to facilitate and support efforts to fulfill tasks.

A series of controlled evaluations across three Fifth Dimension programs, including pre-post assessments and a controlled quasi-experimental design, showed significant gains across a range of outcomes. Studying students after 10-20 sessions, Mayer and colleagues (1997) found positive outcomes for computer skills (knowledge of new terms and facts, operating a computer), reading comprehension, and problem-solving skills. Although there were no science-specific learning outcomes, the broad range of positive results suggests that the program design is promising.

One other feature of the program deserves mention here. The Fifth Dimension Program succeeded in creating an after-school environment in which heterogeneous groups regularly engage in joint, dialogic problem solving. Building these cognitively rich activities into a program organized on a drop-in basis is extremely rare and can be quite difficult to create, even in classrooms in which training levels and other resources are more abundant. Brown and Cole (1997) attribute this success to the social structure—children, undergraduates as helpers and co-participants, and the computer-based Wizard—which decentralizes authority and invites and supports participants’ curiosity and sustained engagement.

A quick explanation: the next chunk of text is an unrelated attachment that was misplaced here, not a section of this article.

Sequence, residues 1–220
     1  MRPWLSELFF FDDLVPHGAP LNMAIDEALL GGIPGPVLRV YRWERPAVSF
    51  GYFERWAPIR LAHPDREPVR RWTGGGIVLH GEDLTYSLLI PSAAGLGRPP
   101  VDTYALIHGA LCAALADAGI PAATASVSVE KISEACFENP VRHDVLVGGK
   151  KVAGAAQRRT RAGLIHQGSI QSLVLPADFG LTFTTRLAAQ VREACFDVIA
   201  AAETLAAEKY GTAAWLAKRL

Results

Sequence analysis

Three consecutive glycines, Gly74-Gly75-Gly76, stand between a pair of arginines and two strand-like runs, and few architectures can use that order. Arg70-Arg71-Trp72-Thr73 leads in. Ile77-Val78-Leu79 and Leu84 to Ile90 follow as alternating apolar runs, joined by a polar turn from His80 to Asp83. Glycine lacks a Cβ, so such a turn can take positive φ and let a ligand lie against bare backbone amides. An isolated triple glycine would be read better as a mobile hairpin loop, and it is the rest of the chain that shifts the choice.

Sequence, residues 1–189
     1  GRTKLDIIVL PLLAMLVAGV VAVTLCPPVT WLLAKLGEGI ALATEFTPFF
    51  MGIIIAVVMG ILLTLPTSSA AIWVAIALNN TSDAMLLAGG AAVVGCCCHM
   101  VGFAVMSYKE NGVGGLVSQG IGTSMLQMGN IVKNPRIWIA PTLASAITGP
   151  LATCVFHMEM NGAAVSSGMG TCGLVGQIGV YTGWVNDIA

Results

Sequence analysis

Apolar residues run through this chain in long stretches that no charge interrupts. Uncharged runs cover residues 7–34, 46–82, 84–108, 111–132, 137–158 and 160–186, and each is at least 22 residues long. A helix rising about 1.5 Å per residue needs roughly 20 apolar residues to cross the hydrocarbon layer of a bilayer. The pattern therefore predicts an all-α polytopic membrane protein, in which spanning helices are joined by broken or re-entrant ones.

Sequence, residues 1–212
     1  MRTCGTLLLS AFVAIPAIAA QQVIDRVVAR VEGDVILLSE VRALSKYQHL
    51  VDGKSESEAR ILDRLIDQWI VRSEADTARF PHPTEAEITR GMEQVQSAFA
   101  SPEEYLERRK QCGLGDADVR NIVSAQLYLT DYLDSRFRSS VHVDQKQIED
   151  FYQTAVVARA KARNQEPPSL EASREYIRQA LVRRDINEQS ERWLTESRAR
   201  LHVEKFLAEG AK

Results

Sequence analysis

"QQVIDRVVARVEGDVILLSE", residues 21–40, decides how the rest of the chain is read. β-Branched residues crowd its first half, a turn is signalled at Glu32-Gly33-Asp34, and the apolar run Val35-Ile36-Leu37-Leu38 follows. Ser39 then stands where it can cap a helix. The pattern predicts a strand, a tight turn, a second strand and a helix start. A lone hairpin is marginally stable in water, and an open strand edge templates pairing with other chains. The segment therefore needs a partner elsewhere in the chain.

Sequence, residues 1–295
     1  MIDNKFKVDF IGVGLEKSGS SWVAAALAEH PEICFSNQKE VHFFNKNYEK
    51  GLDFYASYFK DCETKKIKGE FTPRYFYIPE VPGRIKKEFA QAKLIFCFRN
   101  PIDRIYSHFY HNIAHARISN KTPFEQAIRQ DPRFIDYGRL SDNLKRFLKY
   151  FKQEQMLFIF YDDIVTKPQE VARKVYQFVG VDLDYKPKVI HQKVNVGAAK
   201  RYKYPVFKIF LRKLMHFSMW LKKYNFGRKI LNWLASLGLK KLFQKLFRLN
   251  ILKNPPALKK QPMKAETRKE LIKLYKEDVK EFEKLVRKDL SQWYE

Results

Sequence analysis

Future research and development could examine which elements of this approach could be emulated in science-specific programming and specifically test ways of structuring learner and facilitator roles to build productive, engaged scientific inquiry.

While still relatively new, the study of out-of-school science programs holds great potential. To realize this potential, it will be necessary not only to greatly expand the body of literature regarding out-of-school science programs, but also to define the hoped-for outcomes. Basing these outcomes on the specific science learning that takes place in each individual program, rather than defining outcomes using standardized test criteria or interest in science careers, is perhaps a more effective strategy.


Adults’ interest in science tends to be more pragmatic than children’s interest. Adult science learning experiences are often self-motivated and

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